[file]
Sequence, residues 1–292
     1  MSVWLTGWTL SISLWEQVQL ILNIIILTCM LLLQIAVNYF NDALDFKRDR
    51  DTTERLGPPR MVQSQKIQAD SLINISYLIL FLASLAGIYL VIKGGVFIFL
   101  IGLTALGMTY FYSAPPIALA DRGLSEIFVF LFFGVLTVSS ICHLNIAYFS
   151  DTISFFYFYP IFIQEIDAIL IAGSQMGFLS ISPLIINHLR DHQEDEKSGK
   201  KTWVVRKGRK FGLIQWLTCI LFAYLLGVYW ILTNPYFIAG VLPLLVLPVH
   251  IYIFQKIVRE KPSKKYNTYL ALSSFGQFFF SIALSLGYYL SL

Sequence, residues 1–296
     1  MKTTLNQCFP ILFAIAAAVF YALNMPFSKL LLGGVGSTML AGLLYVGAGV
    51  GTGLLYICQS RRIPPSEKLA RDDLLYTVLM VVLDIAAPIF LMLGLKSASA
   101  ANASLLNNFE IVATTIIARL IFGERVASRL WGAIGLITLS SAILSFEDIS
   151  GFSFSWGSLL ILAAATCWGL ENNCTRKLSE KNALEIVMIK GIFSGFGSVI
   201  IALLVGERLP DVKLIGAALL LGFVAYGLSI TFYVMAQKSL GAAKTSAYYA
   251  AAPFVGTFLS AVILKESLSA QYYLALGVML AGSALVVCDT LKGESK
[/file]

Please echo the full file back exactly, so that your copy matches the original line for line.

Sequence, residues 1–292
     1  MSVWLTGWTL SISLWEQVQL ILNIIILTCM LLLQIAVNYF NDALDFKRDR
    51  DTTERLGPPR MVQSQKIQAD SLINISYLIL FLASLAGIYL VIKGGVFIFL
   101  IGLTALGMTY FYSAPPIALA DRGLSEIFVF LFFGVLTVSS ICHLNIAYFS
   151  DTISFFYFYP IFIQEIDAIL IAGSQMGFLS ISPLIINHLR DHQEDEKSGK
   201  KTWVVRKGRK FGLIQWLTCI LFAYLLGVYW ILTNPYFIAG VLPLLVLPVH
   251  IYIFQKIVRE KPSKKYNTYL ALSSFGQFFF SIALSLGYYL SL

Sequence, residues 1–296
     1  MKTTLNQCFP ILFAIAAAVF YALNMPFSKL LLGGVGSTML AGLLYVGAGV
    51  GTGLLYICQS RRIPPSEKLA RDDLLYTVLM VVLDIAAPIF LMLGLKSASA
   101  ANASLLNNFE IVATTIIARL IFGERVASRL WGAIGLITLS SAILSFEDIS
   151  GFSFSWGSLL ILAAATCWGL ENNCTRKLSE KNALEIVMIK GIFSGFGSVI
   201  IALLVGERLP DVKLIGAALL LGFVAYGLSI TFYVMAQKSL GAAKTSAYYA
   251  AAPFVGTFLS AVILKESLSA QYYLALGVML AGSALVVCDT LKGESK